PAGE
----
## Conversion Factors

Many quantities can be expressed in several different ways. The English system measurement of 4 cups is also equal to 2 pints, 1 quart, and \(\frac{1}{4}\) of a gallon.

\[4 \: \text{cups} = 2 \: \text{pints} = 1 \: \text{quart} = 0.25 \: \text{gallon}\nonumber \]

Notice that the numerical component of each quantity is different, while the actual amount of material that it represents is the same. This is because the units are different. We can establish the same set of equalities for the metric system:

\[1 \: \text{meter} = 10 \:\text{decimeters} = 100 \: \text{centimeters} = 1000 \: \text{millimeters}\nonumber \]

The metric system's use of powers of 10 for all conversions makes this quite simple.

Whenever two quantities are equal, a ratio can be written that is numerically equal to 1. Using the metric examples above:

\[\frac{1 \: \text{m}}{100 \: \text{cm}} = \frac{100 \: \text{cm}}{100 \: \text{cm}} = \frac{1 \: \text{m}}{1 \: \text{m}} = 1\nonumber \]

The \(\frac{1 \: \text{m}}{100 \: \text{cm}}\) is called a **conversion factor**. A conversion factor is a ratio of equivalent measurements. Because both \(1 \: \text{m}\) and \(100 \: \text{cm}\) represent the exact same length, the value of the conversion factor is 1. The conversion factor is read as "1 meter per 100 centimeters". Other conversion factors from the cup measurement example can be:

\[\frac{4 \: \text{cups}}{2 \: \text{pints}} = \frac{2 \: \text{pints}}{1 \: \text{quart}} = \frac{1 \: \text{quart}}{0.25 \: \text{gallon}} = 1\nonumber \]

Since the numerator and denominator represent equal quantities in each case, all are valid conversion factors.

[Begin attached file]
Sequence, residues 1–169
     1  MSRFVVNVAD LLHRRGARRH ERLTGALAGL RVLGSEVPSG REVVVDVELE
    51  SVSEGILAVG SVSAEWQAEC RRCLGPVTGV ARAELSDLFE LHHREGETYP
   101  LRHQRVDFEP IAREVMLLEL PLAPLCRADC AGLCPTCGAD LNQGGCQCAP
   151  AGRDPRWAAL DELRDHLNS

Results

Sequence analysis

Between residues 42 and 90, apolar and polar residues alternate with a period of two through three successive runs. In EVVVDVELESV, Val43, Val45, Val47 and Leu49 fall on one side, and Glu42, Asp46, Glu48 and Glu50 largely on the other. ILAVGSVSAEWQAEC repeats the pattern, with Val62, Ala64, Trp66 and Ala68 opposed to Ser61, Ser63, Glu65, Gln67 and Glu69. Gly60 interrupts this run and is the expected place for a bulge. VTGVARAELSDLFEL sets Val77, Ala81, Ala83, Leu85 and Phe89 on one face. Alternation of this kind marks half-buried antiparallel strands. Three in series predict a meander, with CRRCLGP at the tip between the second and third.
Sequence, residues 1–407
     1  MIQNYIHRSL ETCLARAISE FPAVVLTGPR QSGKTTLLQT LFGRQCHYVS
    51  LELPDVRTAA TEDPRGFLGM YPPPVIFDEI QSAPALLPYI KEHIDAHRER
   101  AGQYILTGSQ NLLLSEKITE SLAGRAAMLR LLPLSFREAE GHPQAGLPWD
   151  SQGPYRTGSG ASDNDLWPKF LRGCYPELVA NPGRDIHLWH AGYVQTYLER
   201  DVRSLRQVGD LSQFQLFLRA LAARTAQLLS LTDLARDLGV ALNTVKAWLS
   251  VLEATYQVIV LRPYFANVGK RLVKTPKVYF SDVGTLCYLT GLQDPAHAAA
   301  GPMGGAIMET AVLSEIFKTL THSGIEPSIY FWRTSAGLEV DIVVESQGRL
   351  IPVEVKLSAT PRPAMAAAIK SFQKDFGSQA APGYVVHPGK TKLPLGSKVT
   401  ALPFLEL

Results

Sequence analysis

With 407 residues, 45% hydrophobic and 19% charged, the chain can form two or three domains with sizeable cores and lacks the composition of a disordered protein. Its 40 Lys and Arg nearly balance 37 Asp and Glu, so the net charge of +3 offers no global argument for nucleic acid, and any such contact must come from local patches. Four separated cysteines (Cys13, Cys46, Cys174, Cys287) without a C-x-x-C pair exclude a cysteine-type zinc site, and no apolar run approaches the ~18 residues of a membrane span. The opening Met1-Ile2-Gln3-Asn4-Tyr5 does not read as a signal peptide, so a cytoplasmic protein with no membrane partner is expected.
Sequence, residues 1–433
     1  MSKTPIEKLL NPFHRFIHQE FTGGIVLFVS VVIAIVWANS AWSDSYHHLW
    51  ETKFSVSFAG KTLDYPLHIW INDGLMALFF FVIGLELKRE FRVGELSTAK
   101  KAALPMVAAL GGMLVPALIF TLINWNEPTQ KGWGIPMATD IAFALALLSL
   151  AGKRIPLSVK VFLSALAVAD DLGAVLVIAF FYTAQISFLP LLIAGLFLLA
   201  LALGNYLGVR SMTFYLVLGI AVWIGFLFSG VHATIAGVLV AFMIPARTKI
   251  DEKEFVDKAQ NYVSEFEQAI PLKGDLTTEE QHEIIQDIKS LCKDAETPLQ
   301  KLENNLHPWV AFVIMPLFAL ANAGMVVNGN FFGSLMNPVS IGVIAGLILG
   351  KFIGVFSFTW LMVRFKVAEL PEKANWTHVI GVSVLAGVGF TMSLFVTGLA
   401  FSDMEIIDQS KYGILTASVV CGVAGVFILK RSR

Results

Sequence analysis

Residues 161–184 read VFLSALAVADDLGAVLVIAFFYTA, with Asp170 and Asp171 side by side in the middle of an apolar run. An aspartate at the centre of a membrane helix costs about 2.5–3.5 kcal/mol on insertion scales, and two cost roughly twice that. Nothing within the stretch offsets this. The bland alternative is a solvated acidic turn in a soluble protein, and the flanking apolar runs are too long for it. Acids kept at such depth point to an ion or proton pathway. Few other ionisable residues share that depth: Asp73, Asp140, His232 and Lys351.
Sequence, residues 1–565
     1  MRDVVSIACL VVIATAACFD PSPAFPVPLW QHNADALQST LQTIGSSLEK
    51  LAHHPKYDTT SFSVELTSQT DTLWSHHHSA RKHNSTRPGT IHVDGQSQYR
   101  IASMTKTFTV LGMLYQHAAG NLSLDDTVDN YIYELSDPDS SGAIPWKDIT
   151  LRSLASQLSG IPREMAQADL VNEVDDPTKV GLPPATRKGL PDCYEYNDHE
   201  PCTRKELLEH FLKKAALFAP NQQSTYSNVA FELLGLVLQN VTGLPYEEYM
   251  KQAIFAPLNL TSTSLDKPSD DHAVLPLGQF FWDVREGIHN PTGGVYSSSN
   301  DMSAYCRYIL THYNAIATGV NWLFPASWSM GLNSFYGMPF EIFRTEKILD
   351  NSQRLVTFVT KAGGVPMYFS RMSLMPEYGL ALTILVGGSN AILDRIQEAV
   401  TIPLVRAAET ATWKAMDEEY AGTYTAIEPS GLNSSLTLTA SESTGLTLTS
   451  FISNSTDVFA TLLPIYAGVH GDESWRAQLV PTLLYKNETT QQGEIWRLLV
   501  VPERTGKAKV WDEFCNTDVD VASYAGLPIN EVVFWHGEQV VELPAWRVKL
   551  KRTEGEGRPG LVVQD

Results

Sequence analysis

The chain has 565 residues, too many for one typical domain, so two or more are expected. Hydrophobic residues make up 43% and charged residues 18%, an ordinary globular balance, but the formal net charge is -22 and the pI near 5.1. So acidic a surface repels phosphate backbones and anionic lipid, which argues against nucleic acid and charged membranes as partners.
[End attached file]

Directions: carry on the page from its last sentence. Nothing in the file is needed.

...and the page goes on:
## Scientific Dimensional Analysis

Conversion factors are used in solving problems in which a certain measurement must be expressed with different units. When a given measurement is multiplied by an appropriate conversion factor, the numerical value changes, but the actual size of the quantity measured remains the same. **Dimensional analysis** is a technique that uses the units (dimensions) of the measurement in order to correctly solve problems. Dimensional analysis is best illustrated with an example.

Example \(\PageIndex{1}\)

How many seconds are in a day?

**Solution**

*Step 1: List the known quantities and plan the problem.*

__Known__

- 1 day = 24 hours
- 1 hour = 60 minutes
- 1 minute = 60 seconds

__Unknown__

The known quantities above represent the conversion factors that we will use. The first conversion factor will have day in the denominator so that the "day" unit will cancel. The second conversion factor will then have hours in the denominator, while the third conversion factor will have minutes in the denominator. As a result, the unit of the last numerator will be seconds and that will be the units for the answer.

*Step 2: Calculate.*

\[1 \: \text{d} \times \frac{24 \: \text{hr}}{1 \: \text{d}}\times \frac{60 \: \text{min}}{1 \: \text{hr}} \times \frac{60 \: \text{s}}{1 \: \text{min}} = 86,400 \: \text{s} \nonumber\nonumber \]

Applying the first conversion factor, the "\(\text{d}\)" unit cancels and \(1 \times 24 = 24\). Applying the second conversion factor, the "\(\text{hr}\)" unit cancels and \(24 \times 60 = 1440\). Applying the third conversion factor, the "\(\text{min}\)" unit cancels and \(1440 \times 60 = 86,400\). The unit that remains is "\(\text{s}\)" for seconds.

*Step 3: Think about your result.*

Seconds is a much smaller unit of time than days, so it makes sense that there are a very large number of seconds in one day.